Ok, we know that distributed virtual is needed to configure NetFlow on vSphere but what about main component NetFlow collector – as usual we have couple options that we can simply divide in commercial software with fancy graphical interfaces and open source staff for admins that still like old good cli 😉

Below I will show simple implementation steps describing examples from both approach :

Manage engine NetFlow analyzer v12.2, more about software on https://www.manageengine.com/products/netflow/?gclid=CP3HlJbyv9ACFSQz0wod_UcDCw my lab VM setup:

  • Guest OS:Windows 2008R2
  • 4GB RAM
  • 2vCPU
  • 60 GB HDD
  • vNIC interface connected to ESXi management network

Installation (using embedded database just for demo purpose) is really simple and straight forward. Let’s start from starting the installer:

netflow2

 

  1. accept license agreements

netflow3

  1. choose installation folder on vm hdd

netflow4

  1. choose installation component option – for this demo purpose we go with simple environment with only one collector server, central reporting is not necessary

netflow5

  1. choose web server and collector services TCP/IP ports

netflow6

  1. provide communication details – again in this demo we have all components on one server and we can simply go with localhost

netflow7

 

  1. optional – configuration proxy server details

netflow8

  1. select database – on this demo i used embedded Postgresql , but if You choose MS database remember about ODBC config.

netflow9

  1. installation is quite fast – couple more minutes and solution will be ready and available to start work:

netflow10

 

… Web client like in VMware need couple CPU cycles to start 😉

netflow11

.. and finally we can see fancy ManageEngine NetFlow collector

netflow12

II) Open-Source netdump tool  – nfdump is distributed under the BSD license, and can be downloaded at: http://sourceforge.net/projects/nfdump/ my lab VM steup:

  • GOS: Debian 8.6
  • 4GB RAM
  • 2vCPU
  • 60 HDD
  • vNIC interface connected to ESXi management network

 

  1. We need to start from adding some sources to our debian distribution:

netflow13

  1. CLI Installation nfdump packet:

netflow15

netflow14

  1. Run simple flow capture to verify if collector is running and creating output flow statictics files (you can see that i use same tcp port 9995 and folder on my desktop as output destination):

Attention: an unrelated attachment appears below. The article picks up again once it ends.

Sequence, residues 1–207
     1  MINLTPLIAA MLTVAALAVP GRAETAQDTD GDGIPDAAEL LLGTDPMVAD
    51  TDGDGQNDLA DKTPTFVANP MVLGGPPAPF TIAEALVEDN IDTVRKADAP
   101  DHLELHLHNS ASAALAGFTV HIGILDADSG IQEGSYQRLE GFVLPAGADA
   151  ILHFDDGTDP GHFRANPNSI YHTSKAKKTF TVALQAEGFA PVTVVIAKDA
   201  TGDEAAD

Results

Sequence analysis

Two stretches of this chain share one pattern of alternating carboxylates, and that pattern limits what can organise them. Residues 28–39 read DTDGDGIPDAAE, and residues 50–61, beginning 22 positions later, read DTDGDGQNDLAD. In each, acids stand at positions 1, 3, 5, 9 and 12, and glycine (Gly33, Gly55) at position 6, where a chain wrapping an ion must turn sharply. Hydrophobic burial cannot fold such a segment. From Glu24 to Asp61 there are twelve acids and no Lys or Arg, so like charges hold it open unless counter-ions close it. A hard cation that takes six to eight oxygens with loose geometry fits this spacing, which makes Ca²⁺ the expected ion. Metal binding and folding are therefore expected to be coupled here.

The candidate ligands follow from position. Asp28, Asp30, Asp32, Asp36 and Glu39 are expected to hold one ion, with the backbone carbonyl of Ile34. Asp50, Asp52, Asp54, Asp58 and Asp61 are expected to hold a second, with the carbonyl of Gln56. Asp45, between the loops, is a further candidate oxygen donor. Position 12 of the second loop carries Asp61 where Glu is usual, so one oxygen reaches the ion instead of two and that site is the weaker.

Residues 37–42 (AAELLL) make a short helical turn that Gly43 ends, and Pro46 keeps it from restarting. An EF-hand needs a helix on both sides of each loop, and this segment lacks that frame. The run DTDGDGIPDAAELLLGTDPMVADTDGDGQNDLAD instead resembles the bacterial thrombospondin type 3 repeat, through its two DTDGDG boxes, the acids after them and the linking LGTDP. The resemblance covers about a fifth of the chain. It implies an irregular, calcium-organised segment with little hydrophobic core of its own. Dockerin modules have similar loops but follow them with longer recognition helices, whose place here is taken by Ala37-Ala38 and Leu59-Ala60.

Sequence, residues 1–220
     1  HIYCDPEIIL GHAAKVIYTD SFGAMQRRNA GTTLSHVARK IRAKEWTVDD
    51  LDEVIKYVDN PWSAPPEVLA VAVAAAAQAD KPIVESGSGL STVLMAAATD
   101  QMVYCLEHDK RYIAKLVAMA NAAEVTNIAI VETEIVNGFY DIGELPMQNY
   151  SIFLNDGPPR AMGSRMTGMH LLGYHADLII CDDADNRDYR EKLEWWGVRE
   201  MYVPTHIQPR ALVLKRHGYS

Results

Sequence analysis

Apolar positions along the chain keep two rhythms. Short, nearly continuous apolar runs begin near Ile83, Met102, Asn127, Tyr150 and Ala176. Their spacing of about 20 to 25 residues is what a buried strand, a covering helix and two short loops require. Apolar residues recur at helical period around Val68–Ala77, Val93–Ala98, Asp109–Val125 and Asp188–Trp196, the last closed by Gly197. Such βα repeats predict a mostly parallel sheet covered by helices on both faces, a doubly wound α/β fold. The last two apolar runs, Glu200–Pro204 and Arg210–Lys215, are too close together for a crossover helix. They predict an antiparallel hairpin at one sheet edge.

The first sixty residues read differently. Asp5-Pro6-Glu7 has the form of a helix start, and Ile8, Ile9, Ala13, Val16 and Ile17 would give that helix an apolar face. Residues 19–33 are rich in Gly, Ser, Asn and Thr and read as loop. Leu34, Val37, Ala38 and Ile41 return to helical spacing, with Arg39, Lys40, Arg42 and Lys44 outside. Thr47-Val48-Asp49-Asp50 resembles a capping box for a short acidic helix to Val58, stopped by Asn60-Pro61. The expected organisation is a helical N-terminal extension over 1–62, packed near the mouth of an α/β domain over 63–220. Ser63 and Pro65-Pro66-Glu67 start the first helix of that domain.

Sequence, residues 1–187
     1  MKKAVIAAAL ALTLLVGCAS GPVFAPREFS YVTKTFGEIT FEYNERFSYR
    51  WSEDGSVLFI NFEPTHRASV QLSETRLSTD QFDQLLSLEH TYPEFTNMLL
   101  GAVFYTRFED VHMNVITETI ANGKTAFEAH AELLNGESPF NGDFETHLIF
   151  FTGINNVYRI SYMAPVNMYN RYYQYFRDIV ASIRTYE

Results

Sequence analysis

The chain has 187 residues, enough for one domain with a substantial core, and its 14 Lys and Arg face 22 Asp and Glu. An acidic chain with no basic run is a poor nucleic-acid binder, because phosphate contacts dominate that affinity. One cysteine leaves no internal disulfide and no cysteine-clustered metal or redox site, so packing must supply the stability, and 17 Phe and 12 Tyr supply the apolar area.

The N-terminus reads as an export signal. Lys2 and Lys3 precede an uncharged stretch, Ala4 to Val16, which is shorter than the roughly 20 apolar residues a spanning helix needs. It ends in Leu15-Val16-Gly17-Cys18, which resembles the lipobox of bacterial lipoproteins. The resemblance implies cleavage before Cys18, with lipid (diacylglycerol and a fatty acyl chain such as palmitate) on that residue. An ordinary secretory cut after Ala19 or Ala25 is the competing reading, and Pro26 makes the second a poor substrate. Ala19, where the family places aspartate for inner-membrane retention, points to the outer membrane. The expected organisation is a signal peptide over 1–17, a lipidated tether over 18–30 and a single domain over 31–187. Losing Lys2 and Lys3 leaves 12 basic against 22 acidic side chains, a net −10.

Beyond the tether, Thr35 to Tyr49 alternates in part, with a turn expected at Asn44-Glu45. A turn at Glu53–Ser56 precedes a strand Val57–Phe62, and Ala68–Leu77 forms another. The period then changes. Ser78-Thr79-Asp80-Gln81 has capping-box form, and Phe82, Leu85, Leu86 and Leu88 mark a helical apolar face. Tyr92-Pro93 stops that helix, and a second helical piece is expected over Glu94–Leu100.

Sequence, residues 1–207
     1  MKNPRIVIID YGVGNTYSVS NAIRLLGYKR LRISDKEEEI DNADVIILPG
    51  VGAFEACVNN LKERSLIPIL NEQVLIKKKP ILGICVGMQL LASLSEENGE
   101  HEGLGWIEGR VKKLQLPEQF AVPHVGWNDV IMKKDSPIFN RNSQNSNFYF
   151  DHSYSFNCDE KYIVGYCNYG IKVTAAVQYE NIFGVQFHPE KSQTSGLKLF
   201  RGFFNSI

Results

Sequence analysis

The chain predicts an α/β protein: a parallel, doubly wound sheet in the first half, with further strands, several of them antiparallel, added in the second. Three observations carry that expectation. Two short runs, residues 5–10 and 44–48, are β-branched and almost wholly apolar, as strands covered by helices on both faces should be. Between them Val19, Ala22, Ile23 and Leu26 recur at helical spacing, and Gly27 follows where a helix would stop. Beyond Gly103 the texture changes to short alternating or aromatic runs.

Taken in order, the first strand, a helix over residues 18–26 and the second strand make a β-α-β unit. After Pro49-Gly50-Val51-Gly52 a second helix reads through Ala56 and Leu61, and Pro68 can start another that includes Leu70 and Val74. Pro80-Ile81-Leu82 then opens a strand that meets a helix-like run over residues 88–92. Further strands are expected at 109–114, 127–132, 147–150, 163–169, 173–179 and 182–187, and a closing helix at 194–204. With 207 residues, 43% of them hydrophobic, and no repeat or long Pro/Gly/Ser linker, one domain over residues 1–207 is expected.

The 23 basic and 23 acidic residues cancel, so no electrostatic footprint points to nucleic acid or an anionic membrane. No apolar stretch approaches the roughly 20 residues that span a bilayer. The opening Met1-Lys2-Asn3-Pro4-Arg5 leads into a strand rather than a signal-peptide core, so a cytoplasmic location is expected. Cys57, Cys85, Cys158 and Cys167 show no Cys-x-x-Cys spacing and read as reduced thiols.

netflow16

 

Ok, now it is time to back to vSphere and configure DVS to send network traffic to collector:

netflow17

 

  • IP Address: This is the IP of the NetFlow Collector
  • Port: This is the port used by the NetFlow Collector.
  • Switch IP Address: This one can be confusing – by assigning an IP address of here, the NetFlow Collector will treat the VDS as one single entity. It does not need to be a valid, routable IP, but is merely used as an identifier.
  • Active flow export timeout in seconds: The amount of time that must pass before
  • the switch fragments the flow and ships it off to the collector.
  • Idle flow export timeout in seconds: Similar to the active flow timeout, but for flows
  • that have entered an idle state.
  • Sampling rate: This determines the interval packet to collect. By default, the value is 0,
  • meaning to collect all packets. If you set the value to something other than 0, it will
  • collect every X packet.
  • Process internal flows only: Enabling ensures that the only flows collected are ones that occur between VMs on the same host.

And enable it at designated port group level:

netflow18

Finally we can create simple lab scenario and capture some ftp flow statistics between two vm’s on different ESXi :

netflow19

VM’s are running in dedicated vlan on the same DVS port group, collector is running on management network to communicate with vCenter and ESXi hosts. I used ftp connection to generate traffic between vm’s below examples output from two collectors (test ran separate as collector share the same ip)  :

 

ftp client on first vm:

netflow20

ftp server on second vm:

netflow21

flow statistics example from netdump:

netflow22

flow statistics from ManageEngine

netflow23

 

Increase VMware ESXi iSCSI storage performance ? – lets demistyfy all tips and tricks

Increase VMware ESXi iSCSI storage performance ? – lets demistyfy all tips and tricks